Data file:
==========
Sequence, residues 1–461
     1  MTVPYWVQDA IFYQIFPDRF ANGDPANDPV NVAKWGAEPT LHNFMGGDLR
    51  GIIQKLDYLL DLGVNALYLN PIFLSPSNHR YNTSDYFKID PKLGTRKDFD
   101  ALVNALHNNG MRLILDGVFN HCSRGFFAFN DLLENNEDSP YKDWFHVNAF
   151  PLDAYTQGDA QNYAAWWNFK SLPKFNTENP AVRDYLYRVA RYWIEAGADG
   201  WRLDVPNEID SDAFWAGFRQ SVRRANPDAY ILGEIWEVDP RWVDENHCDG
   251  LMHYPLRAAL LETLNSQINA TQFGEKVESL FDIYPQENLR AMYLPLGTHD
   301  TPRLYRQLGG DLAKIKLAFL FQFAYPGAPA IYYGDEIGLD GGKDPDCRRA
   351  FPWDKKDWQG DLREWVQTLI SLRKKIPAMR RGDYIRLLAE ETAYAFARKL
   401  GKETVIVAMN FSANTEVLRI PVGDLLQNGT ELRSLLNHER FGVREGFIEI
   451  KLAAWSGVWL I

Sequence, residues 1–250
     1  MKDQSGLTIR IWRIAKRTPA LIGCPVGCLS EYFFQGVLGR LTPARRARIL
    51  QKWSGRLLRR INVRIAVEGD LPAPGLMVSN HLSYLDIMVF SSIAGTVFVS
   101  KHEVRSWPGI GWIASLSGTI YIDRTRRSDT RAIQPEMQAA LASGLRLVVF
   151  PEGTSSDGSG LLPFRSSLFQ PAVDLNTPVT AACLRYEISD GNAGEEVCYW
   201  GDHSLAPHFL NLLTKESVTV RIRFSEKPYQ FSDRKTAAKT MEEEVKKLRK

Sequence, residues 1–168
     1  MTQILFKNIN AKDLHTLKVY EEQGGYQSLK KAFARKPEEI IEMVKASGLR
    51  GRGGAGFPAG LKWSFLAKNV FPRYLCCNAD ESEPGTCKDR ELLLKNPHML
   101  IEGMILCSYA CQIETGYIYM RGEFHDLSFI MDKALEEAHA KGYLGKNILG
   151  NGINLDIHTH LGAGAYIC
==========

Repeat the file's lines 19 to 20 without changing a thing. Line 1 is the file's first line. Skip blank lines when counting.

     1  MTQILFKNIN AKDLHTLKVY EEQGGYQSLK KAFARKPEEI IEMVKASGLR
    51  GRGGAGFPAG LKWSFLAKNV FPRYLCCNAD ESEPGTCKDR ELLLKNPHML